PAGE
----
Experts from Texas State University claim that the USDA used flawed worker safety data in its proposal to remove maximum line speeds at pork processing plants nationwide. FSIS, they allege, relied on a faulty comparison between traditional plants and five specific plants in the Hazard Analysis Critical Control Points Inspection Models Project (HIMP), a 1990s pilot program allowing faster processing times, to reach its conclusions.
In a recent report, Celeste Monforton, a lecturer in the department of health and human performance, and Phillip W. Vaughan, a research scientist in methodology, measurement and statistical analytics, claim that data limitations make the conclusions drawn by the USDA "statistically impossible."
Between 2002 and 2010, they note, only 56 of the 612 pork processing plants nationwide were required to submit their annual injury rate to OSHA; data from consecutive years was only available for eight of the 24 traditional plants examined by FSIS in reaching its conclusions. Two of the five HIMP plants, meanwhile, did not provide worker injury data for consecutive years.
In addition, the five HIMP plants were self-nominated, meaning that they likely differ from traditional plants in a number of ways.
“FSIS’s analysis inappropriately assumes that the plants are comparable in every way except for their HIMP status,” the experts write.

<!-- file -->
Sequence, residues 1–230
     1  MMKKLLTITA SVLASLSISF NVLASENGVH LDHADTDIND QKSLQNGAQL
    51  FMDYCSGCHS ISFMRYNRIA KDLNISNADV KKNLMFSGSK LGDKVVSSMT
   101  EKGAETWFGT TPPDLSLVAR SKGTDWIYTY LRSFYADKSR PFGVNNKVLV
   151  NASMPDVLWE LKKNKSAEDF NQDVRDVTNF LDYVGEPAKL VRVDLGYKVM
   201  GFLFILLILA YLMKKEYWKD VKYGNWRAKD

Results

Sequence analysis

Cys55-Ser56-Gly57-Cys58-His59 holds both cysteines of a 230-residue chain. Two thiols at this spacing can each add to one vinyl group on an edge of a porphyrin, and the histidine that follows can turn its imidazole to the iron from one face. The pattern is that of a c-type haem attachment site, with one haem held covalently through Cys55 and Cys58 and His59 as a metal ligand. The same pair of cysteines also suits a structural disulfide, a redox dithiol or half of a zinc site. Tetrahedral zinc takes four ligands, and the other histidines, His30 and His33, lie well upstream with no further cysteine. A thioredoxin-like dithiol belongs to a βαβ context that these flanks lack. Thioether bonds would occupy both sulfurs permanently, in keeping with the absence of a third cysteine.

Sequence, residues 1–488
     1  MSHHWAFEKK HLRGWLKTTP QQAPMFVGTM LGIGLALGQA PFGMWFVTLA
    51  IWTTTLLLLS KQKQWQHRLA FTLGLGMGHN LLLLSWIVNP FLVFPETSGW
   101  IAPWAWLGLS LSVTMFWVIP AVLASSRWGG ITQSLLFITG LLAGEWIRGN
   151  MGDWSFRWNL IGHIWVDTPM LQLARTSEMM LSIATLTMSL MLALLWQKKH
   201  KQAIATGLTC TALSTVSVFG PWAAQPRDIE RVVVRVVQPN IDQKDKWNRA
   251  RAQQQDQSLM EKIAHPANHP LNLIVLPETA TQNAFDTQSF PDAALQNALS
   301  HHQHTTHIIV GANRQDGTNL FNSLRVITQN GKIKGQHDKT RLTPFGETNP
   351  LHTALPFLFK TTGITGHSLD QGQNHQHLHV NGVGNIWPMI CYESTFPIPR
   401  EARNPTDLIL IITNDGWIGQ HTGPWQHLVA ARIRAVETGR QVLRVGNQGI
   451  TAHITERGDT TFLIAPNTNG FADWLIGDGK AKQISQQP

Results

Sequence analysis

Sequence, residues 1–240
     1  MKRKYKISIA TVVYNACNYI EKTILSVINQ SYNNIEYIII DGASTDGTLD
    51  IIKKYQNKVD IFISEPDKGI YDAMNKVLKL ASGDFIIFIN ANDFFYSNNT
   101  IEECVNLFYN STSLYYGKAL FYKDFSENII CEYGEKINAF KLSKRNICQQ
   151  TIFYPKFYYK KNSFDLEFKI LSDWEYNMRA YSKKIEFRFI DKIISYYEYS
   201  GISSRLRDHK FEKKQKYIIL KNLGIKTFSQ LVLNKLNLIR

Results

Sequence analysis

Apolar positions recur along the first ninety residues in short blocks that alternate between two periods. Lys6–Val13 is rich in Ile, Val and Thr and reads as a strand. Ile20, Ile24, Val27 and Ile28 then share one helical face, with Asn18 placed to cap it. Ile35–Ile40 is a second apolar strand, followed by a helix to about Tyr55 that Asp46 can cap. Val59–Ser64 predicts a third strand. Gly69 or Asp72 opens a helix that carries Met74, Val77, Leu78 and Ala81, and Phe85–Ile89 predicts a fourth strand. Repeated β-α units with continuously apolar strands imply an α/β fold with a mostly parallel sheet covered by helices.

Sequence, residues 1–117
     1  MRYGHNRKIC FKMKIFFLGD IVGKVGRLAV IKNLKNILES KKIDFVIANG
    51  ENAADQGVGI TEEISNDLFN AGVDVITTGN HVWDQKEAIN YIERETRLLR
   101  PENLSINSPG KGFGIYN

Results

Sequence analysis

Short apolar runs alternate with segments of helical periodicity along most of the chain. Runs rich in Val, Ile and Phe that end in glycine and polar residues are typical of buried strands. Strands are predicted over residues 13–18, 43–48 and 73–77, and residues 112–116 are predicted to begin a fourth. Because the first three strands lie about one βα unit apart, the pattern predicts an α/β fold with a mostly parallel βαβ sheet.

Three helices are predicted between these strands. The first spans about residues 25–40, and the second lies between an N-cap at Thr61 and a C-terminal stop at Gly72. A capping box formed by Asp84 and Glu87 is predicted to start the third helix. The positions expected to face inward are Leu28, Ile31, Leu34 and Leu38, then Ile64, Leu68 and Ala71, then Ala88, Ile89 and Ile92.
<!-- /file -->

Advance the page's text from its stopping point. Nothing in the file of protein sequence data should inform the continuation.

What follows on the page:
From the Organic Authority Files
In a December 5 press release from advocacy group the National Employment Law Project (NELP), program director Debbie Berkowitz claims that the “faulty” analysis will “clearly endanger workers.”
“Before any new proposal is finalized, USDA must conduct a new analysis of the impact of line speed increases on worker safety,” she writes. “The agency should withdraw the current proposal until that is complete.”
The proposal, submitted by the USDA in January, was heavily criticized from the outset, with the National Council for Occupational Safety and Health noting that meatpacking workers experience occupational injuries 17 times more frequently than the national average.
“Workers who bring food to our tables deserve safety and dignity on the job, and consumers deserve and demand safe food,” Jessica Martinez, National COSH co-executive director, said in a press release. “Raising line speeds in pork-processing plants will only make a bad situation worse.”
The current maximum line speed at pork-processing facilities is 1,106 hogs per hour. The national average hovers between 950 and 1,000 hogs per hour; new line speeds could reach an estimated 1,295 hogs per hour.
The proposal joins similar initiatives to lift the cap on line speeds at chicken processing plants. In September, the USDA established new guidelines that would allow some slaughterhouses to apply for a waiver to increase the 140-chicken-per-minute cap to 175 chickens per minute.
Related on Organic Authority
USDA to Reimburse Organic and Transitional Farmers
USDA Researchers Claim Scientific Integrity Has Been Tampered With
Suit Filed Against USDA for Ignoring Animal Welfare in Organic Production